Fr Mario Attard OFM Cap
On Friday May 20, at the Augustinian Institute in Pieta, I had the joy of attending an interesting lecture given by Fr Johnatan Farrugia on the life and theology of St Gregory of Nyssa. His well prepared lecture prompted me to delve deeper into a key concept in St Gregory’s theology, namely epektasis.
In his famous work the Life of Moses, this fourth century Bishop wrote: “And so every desire for the Beautiful which draws us on in this ascent is intensified by the soul’s very progress towards it. And this is the real meaning of seeing God: never to have this desire satisfied. But fixing our eyes on those things which help us to see, we must ever keep alive in us the desire to see more and more. And so no limit can be set to our progress towards God: first of all, because no limitation can be put on uponthe Beautiful, and secondly because the increase in our desire for the Beautiful cannot be stopped by any sense of satisfaction”.
This continual spiritual progression to God, epektasis, can be better appreciated in St Paul’s letter to the Philippians. “Brethren, I do not consider that I have made it my own; but one thing I do, forgetting what lies behind and straining forward towhat lies ahead, I press on toward the goal for the prize of the upward call of God in Christ Jesus” (Phil 3:13-14). This “straining forward to what lies ahead” (verse 13) is what makes a spiritual journey true, fascinating and, as Fr Johnatan rightly put it, “rewarding”.
St Gregory of Nyssa exposed this point in his Life of Moses when he said: “For this reason we also say that the great Moses, as he was becoming ever greater, at no time stopped in his ascent, nor did he set a limit for himself in his upward course. Once having set foot on the ladder which God set up (as Jacob says), he continually climbed to the step above and never ceased to rise higher, because he always found a step higher than the one he had attained… He shone with glory. And although lifted up through such lofty experiences, he is still unsatisfied in his desire for more. He still thirsts for that with which he constantly filled himself to capacity, and he asks to attain as if he had never partaken, beseeching God to appear to him, not according to his capacity to partake, but according to God’s true being”.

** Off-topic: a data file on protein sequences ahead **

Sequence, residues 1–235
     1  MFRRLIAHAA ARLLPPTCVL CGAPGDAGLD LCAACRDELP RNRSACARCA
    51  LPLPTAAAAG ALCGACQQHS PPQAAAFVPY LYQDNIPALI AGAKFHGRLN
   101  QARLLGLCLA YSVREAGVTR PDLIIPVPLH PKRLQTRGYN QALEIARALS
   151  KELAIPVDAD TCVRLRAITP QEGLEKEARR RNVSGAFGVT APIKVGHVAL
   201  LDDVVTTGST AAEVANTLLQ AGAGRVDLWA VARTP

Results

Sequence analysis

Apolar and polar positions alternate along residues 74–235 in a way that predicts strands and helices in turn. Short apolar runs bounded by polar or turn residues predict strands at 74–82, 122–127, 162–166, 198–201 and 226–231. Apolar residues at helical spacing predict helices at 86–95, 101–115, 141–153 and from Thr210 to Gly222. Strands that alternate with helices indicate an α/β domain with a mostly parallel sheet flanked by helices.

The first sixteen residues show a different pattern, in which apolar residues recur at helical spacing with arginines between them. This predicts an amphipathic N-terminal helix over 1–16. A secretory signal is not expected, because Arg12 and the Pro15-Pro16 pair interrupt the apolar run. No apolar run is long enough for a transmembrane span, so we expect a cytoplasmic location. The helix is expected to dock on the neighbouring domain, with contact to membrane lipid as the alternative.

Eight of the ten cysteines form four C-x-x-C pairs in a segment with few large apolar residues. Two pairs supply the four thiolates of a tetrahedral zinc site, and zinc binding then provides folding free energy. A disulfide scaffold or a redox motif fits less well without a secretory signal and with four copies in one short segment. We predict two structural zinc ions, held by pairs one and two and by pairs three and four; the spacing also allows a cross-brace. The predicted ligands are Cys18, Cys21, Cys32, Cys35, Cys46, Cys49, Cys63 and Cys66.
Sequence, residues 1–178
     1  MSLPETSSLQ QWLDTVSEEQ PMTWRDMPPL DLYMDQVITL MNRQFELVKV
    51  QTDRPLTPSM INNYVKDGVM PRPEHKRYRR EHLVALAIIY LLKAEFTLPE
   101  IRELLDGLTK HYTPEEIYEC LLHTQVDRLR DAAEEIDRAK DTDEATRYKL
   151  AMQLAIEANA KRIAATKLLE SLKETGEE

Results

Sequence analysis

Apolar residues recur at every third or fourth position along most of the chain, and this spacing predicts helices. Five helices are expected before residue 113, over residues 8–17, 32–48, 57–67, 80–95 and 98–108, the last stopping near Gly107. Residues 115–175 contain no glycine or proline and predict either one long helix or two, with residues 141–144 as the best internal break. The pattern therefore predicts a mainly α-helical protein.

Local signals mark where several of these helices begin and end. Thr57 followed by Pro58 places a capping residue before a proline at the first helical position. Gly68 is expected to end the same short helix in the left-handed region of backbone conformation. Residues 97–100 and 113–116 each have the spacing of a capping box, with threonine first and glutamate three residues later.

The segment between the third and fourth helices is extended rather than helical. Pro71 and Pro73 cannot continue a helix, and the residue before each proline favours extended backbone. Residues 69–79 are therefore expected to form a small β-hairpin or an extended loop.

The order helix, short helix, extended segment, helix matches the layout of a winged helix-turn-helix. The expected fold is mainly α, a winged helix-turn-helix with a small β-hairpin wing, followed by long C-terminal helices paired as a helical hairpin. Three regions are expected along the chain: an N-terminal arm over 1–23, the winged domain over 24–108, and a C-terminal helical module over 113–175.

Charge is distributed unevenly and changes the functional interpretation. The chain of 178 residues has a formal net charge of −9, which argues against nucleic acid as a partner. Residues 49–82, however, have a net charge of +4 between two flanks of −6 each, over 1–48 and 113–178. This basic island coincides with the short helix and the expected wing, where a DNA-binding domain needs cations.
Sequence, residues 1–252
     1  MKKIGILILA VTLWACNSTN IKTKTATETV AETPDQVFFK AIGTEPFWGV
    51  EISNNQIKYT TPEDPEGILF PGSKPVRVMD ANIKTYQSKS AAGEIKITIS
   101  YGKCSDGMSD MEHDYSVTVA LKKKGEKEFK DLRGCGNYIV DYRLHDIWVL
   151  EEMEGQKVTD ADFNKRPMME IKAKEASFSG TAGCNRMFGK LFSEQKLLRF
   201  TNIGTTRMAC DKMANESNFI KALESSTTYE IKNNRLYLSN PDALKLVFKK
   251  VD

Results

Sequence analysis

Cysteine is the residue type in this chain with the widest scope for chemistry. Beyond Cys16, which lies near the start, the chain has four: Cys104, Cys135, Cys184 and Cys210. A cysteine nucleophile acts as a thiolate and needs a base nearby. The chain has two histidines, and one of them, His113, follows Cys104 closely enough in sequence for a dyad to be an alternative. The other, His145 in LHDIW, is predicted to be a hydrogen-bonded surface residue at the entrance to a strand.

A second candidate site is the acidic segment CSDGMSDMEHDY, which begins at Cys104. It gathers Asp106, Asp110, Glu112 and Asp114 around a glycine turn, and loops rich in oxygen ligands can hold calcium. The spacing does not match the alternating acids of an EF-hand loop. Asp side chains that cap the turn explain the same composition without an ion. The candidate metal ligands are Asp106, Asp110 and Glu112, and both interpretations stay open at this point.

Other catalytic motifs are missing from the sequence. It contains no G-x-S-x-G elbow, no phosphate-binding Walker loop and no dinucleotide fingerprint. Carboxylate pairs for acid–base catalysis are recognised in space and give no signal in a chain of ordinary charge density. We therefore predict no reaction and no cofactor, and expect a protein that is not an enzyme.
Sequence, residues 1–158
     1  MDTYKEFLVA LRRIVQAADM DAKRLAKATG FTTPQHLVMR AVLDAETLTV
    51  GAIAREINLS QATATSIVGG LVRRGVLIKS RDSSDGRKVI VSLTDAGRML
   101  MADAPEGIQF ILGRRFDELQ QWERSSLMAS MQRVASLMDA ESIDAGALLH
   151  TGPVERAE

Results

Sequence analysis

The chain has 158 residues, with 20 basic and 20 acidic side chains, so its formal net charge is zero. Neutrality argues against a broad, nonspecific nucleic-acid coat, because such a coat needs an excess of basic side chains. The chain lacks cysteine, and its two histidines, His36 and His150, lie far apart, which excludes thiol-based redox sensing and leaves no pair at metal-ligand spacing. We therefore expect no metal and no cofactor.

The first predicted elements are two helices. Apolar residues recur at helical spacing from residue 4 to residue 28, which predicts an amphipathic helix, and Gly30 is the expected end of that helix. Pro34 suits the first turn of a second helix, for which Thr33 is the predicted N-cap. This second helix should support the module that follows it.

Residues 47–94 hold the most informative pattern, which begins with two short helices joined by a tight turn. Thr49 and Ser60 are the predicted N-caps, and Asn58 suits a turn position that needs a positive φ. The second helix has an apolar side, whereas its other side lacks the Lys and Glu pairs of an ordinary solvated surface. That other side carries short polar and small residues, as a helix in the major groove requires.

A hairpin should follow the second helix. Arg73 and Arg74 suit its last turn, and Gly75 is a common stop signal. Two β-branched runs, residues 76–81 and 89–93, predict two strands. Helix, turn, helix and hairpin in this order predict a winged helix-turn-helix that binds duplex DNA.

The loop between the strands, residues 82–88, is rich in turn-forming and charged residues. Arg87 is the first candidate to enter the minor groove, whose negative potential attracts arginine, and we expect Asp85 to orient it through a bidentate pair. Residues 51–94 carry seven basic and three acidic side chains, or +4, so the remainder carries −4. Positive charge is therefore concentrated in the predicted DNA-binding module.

This power of this great teaching is found when we “com[e] down the mountain” of Jesus’ transifiguration to us (Matt 17: 19; Mark 9:9 see also Luke 9:37). This continual spiritual journey to God needs to be enfleshed in our daily lives. Pope Francis’ message to participants in the Macerata-Loreto pilgrimage of June last year is very illuminating on this point.
“A pilgrimage is a symbol of life; it makes us think that life is to walk, it is a path. If a person does not walk and stays still, it’s no good, he does nothing. Think of water, when water is not in the river, it doesn’t go forward but stops and is corrupted. A soul that does not walk in life doing good, doing the many things that must be done for society, to help others and who also does not walk through life seeking God moved by the Holy Spirit from within, is a soul that ends in mediocrity and spiritual misery. Please: do not stop in life!”
A real life pilgrimage is ongoing. “If you have made a mistake rise immediately and continue to walk. ‘Sing and walk,’ said Saint Augustine to his faithful. Walk with joy and walk also when the heart is sad, but always walk. And if you need to stop, may it be to rest a while and get some breath to go forward afterwards. Sing and walk! Always sing and walk! There is also thedanger of mistaking the road. One who walks can err on the road. This can happen to any one of us, and how many times we have done this. If you err on the road, return. Return, because there is Jesus’ mercy”.
Keep walking! Epektasis!